Labor history of the United States
aspect of United States history
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- The US has an unusually violent labor history, well into the twentieth century.
- Noam Chomsky and Marv Waterstone, Consequences of Capitalism: Manufacturing Discontent and Resistance (2021), p. 90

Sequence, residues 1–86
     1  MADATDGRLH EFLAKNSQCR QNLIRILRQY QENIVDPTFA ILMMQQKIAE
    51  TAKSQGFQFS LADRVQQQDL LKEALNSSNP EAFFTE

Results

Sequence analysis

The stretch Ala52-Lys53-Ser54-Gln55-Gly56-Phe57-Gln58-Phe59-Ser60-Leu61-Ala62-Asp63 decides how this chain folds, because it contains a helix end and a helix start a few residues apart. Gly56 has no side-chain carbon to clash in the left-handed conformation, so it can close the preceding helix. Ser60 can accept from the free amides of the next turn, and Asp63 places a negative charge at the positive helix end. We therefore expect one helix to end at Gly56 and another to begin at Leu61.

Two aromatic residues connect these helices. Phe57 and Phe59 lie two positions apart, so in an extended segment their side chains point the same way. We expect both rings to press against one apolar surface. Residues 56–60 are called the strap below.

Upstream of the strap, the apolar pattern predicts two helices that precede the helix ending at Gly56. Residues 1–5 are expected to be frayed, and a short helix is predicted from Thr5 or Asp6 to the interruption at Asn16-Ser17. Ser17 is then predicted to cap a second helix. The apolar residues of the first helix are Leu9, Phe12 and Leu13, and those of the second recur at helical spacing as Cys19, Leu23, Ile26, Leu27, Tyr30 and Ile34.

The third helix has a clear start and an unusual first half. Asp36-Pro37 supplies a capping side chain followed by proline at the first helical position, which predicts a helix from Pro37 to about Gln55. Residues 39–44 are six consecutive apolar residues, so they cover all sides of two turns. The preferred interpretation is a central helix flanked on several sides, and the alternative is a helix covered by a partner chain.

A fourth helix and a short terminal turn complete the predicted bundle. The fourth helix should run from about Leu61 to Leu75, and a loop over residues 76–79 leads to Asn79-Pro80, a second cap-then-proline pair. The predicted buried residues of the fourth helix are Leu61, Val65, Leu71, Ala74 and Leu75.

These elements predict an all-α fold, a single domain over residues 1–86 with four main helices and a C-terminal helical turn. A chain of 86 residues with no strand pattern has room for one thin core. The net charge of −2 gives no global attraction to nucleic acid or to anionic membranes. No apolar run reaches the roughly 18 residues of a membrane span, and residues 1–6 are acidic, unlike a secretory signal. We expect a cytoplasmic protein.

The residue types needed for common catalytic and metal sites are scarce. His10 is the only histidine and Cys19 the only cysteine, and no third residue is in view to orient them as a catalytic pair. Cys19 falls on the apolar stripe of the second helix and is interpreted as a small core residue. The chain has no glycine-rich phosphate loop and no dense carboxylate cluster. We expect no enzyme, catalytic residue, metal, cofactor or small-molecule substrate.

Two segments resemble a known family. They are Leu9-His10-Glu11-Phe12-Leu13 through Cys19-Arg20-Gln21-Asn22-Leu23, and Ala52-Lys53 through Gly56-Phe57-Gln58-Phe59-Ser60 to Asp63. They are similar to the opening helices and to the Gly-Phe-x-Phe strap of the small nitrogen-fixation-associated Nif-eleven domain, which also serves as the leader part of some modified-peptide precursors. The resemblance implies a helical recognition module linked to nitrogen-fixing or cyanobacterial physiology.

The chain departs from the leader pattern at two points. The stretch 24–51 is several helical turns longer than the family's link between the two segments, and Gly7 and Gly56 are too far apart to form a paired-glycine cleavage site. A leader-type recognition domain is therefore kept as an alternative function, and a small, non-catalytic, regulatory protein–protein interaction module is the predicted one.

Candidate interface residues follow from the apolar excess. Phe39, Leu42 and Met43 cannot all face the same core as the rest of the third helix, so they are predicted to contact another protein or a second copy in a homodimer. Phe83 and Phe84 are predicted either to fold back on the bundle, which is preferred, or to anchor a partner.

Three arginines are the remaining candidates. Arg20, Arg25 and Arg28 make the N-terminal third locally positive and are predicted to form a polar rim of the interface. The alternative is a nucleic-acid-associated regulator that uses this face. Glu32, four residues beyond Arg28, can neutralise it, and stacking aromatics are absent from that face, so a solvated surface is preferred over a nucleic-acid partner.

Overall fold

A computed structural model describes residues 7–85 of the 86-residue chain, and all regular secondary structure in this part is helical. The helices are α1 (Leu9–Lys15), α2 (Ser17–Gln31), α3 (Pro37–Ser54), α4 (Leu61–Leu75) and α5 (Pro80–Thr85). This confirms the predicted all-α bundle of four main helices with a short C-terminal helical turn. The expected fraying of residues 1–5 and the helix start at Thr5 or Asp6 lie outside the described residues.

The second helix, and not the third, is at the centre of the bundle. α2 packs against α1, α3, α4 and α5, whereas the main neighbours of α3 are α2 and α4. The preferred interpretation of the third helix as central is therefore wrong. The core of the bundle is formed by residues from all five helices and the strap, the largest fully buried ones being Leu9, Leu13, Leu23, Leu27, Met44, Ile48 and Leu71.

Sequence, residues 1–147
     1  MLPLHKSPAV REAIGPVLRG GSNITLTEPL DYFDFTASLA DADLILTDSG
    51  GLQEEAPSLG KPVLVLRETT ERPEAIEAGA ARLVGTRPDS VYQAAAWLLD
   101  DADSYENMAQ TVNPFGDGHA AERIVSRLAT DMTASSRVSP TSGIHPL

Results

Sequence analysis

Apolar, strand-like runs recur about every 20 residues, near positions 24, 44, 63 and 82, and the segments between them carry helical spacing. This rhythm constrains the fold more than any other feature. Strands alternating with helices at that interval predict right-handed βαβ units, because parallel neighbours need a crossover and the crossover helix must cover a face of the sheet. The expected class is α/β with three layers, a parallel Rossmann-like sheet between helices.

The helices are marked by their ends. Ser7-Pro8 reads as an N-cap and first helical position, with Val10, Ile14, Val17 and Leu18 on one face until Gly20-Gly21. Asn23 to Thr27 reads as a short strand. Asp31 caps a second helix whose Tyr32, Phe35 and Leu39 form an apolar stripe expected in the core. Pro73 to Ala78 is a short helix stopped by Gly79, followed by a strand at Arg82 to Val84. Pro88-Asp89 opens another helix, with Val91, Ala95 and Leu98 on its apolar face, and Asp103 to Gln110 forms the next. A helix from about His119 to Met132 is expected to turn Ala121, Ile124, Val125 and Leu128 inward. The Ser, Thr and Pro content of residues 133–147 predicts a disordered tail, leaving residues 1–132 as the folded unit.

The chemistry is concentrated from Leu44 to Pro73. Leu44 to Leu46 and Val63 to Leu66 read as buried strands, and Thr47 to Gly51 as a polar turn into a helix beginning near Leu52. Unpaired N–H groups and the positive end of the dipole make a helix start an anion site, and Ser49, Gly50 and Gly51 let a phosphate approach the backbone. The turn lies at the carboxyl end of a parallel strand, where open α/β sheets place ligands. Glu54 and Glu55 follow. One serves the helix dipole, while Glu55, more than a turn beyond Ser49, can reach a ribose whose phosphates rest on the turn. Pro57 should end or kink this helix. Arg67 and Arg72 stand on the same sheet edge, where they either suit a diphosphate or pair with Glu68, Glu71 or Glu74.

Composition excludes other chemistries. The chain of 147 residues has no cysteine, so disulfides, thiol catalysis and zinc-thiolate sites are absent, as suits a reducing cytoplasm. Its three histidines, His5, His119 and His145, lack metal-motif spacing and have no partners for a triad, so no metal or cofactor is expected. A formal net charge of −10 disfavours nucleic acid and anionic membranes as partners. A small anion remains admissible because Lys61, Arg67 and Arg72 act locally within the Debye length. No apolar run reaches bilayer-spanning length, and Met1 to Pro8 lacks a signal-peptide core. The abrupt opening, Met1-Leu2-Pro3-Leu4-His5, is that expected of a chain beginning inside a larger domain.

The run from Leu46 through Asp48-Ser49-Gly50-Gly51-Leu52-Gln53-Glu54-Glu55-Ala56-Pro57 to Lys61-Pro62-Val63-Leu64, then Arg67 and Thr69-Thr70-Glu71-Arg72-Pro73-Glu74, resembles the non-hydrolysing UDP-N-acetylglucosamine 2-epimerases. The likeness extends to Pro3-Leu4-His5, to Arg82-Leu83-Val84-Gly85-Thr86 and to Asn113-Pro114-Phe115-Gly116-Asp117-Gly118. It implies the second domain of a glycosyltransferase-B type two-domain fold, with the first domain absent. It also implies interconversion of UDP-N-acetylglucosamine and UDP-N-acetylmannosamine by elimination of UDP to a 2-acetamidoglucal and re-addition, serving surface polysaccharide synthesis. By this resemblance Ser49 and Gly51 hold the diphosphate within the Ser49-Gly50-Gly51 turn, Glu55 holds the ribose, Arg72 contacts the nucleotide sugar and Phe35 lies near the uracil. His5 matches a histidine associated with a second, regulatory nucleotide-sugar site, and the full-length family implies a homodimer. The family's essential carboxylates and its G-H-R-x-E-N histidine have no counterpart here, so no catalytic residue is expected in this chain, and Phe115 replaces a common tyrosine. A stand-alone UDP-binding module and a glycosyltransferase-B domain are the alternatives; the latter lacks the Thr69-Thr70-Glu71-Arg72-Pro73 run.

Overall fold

- The wildcat strike holds a particular place in the history and theory of the labour movement, as well as today reaction to the bosses and the government during the coronavirus pandemic. [...] The great advance of American workers in the 1930s that led to the founding of the Congress to Industrial Organizations and a vast expansion of the American Federation of Labor derived from just such wildcat strikes in the rubber plants, the auto industry, among electrical workers and many others. Workers walked out by the thousands, some occupied their plants, while others created mass picket lines, fought scabs and police. Wildcat strikes spread during the Depression decade like a virus through the United States, drawing in small industrial shops and retail workers. A similar thing happened in the 1960s and 1970s with teachers and public employees who walked out in illegal strikes to found their unions. Rank-and-file upheavals also transformed the United Mine Workers in the 1970s and shook up other unions as well.